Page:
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The Business Intelligence Platforms of 2022

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Almost 5 years ago to the day, my co-founders and I opened the door of our company in downtown San Mateo.  It was just the five of us, driven by the desire to make Big Data work.  We had been scarred by complex Big Data analytics projects in our former lives and were frustrated that the Business Intelligence market didn’t have a good solution for the data stored in data lakes.

Since then, the AtScale team has grown to almost 100 talented folks.  Our company has not only received the trust of great investors (we announced our Series C today), we have also grown into a technology leader that has driven success at many enterprises.  

Companies across the world, from American Express to Vivint, use our software across a large variety of use-cases and many, like GlaxoSmithKline, TD Bank and Yellow Pages have received industry recognition for their work.  

We are well on our way to achieving our mission and looking back at the last five years, I couldn’t be more proud of the work of my team and the support of our partners and customers.  Together, we have set the stage for a major transformation in the BI world and I can’t wait to see what the next five years brings.

2022: Next-Gen Business Intelligence

First, I’ll acknowledge the obvious.  AtScale wouldn’t be experiencing such rapid growth if it wasn’t benefiting from a major shift in the Business Intelligence market, driven by 3 key disruptions:

  • Self-service BI, the force behind the industry’s 60% YOY growth in 2015 according to Gartner, has shaken the industry and has resulted in several unintended consequences.  Business units have bought all the tools they could buy, and now their I.T departments need to bring order to their BI chaos.
  • Data Lakes have become ubiquitous.  The average Chief Information Officer spends close to $20M a year to orchestrate Big Data analytics workloads across traditional data warehouses like Teradata, modern data platforms like Hadoop and next-generation serverless technologies like Google BigQuery.  As a result, the data platform ecosystem has become more complex, not less.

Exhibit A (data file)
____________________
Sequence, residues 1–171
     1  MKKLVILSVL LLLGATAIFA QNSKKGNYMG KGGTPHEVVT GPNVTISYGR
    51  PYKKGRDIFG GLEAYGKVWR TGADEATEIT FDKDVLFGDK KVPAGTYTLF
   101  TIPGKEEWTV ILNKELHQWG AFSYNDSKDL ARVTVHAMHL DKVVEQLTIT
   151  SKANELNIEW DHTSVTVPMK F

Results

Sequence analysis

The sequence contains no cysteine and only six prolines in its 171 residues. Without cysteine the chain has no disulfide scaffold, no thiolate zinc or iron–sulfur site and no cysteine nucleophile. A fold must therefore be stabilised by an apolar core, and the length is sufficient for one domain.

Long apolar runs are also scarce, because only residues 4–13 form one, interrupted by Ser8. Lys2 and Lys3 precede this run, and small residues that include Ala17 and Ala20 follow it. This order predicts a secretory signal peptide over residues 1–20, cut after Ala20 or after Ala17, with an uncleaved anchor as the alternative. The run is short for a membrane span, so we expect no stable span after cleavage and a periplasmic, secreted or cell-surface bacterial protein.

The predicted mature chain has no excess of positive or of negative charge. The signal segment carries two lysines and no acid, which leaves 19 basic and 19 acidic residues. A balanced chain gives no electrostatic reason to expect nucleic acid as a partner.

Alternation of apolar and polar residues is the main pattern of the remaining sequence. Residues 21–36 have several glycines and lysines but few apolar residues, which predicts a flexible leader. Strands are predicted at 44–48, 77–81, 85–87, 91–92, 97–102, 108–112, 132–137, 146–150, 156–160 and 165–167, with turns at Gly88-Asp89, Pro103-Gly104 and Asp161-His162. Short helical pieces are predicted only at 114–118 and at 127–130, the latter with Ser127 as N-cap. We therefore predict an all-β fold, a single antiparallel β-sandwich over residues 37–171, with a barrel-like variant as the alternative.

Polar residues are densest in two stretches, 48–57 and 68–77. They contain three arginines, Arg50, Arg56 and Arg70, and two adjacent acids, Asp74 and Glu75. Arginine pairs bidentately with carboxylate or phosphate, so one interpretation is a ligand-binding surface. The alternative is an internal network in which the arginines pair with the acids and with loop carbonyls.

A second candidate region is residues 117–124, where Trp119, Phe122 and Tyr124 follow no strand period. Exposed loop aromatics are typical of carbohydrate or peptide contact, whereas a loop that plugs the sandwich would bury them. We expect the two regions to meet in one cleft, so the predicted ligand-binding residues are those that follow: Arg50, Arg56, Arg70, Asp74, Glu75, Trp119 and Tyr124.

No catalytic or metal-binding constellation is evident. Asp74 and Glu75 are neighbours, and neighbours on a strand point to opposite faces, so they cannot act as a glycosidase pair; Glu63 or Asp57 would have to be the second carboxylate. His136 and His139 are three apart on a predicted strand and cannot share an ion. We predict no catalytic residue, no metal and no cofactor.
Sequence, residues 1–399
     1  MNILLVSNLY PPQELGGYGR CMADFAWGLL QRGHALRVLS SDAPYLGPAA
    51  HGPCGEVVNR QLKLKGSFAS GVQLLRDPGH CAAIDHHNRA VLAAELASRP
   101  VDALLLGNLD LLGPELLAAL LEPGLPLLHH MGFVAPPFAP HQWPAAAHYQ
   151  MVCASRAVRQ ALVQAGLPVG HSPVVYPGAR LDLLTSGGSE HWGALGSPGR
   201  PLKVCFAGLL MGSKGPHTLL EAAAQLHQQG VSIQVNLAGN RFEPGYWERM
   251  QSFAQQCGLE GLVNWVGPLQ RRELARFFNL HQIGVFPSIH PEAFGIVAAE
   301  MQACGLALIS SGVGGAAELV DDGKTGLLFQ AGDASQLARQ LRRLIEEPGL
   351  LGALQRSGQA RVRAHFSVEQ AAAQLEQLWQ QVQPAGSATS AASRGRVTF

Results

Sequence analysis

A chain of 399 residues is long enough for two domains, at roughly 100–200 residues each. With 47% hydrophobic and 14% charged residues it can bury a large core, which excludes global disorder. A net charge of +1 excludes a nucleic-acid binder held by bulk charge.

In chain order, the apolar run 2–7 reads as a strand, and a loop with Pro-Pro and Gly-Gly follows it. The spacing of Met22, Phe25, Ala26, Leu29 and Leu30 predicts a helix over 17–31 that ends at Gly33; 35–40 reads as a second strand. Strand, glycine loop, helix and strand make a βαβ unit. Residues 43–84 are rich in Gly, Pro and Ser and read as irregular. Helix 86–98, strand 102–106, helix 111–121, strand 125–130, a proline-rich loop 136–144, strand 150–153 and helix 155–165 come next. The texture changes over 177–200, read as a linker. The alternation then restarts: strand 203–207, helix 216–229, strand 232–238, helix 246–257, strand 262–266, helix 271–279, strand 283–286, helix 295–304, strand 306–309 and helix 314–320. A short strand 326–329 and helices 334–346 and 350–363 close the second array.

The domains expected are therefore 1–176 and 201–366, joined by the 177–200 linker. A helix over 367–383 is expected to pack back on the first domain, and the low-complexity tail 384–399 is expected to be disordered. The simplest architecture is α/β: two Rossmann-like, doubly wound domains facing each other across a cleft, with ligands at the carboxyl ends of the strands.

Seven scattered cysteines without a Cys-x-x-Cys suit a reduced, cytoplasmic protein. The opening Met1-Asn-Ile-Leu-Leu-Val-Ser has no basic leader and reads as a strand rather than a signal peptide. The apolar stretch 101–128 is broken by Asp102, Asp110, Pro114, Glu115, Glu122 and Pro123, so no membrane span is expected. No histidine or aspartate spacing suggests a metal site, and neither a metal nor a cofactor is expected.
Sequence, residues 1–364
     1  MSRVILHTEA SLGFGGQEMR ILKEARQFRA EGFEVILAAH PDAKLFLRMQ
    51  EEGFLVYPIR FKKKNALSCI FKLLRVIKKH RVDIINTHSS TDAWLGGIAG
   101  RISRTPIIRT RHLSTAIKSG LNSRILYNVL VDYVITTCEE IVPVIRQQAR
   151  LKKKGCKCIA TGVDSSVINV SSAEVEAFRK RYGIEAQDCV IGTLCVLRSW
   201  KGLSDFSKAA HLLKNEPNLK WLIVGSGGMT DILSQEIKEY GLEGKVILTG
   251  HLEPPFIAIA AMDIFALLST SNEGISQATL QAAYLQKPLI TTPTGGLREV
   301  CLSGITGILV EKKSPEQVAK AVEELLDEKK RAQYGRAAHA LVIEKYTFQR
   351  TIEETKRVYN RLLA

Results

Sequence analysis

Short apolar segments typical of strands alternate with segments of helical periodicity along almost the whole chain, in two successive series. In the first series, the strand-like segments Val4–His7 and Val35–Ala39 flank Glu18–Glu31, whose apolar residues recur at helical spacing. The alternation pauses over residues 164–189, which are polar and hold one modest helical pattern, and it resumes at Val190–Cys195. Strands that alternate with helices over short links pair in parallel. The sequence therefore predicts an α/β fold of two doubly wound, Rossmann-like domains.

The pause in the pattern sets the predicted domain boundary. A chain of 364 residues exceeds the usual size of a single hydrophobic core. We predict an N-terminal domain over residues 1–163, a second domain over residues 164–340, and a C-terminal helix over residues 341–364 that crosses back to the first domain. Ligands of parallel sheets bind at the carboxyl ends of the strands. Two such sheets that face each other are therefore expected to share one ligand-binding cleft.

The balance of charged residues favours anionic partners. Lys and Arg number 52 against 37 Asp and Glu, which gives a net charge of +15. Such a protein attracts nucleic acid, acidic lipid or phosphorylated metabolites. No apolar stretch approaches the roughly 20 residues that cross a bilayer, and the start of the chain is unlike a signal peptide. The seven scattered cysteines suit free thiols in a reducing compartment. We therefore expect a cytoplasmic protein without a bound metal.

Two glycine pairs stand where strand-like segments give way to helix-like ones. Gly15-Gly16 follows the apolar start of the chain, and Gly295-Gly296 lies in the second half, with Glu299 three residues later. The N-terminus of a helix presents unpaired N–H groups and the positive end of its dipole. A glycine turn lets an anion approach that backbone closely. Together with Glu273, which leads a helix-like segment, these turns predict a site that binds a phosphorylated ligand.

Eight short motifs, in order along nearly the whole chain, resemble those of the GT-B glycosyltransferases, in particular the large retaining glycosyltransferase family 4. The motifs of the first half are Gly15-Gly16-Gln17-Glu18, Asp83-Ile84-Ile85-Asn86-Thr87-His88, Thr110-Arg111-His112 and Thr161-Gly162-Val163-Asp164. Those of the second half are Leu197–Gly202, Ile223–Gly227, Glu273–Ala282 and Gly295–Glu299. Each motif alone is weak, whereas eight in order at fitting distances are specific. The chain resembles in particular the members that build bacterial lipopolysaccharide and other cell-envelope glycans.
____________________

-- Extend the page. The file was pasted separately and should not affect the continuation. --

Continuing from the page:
• The Cloud, as highlighted in our last Big Data Maturity survey, will drive 72% of enterprise CIOs to modernize their enterprise data architecture and economically scale their deployments.  This will bring great benefits to the enterprise but it will also result in a mixed on-premise and cloud environment which will create more headache for IT and business users alike.

These trends have created both opportunities and challenges for enterprise CIOs. To embrace the future, industry leaders need to let go of past practices and the very notion of an on-premise, enterprise data warehouse.

Many are still grappling with the consequences of these market trends and are wrestling with a “Big Data Gap” that makes it difficult for their users to leverage all their rich enterprise data to innovate, reduce cost and drive revenue.

The "Big Data Gap". Let's get horizontal

The average IT organization has three options to deal with this new enterprise data reality:

  • “BI lock-in”.  Forcing business users to standardize on one vertically integrated BI stack for all their analytics needs, often fails because it runs counter to business users’ desire for self service.  IT invariably ends up supporting multiple “BI stacks”, building data pipelines for each, managing multiple semantic layers while increasing overall budgets and decreasing agility.  Even worse, organizations end up with overlapping, competing business metrics embedded in each silo, driving confusion and inconsistency.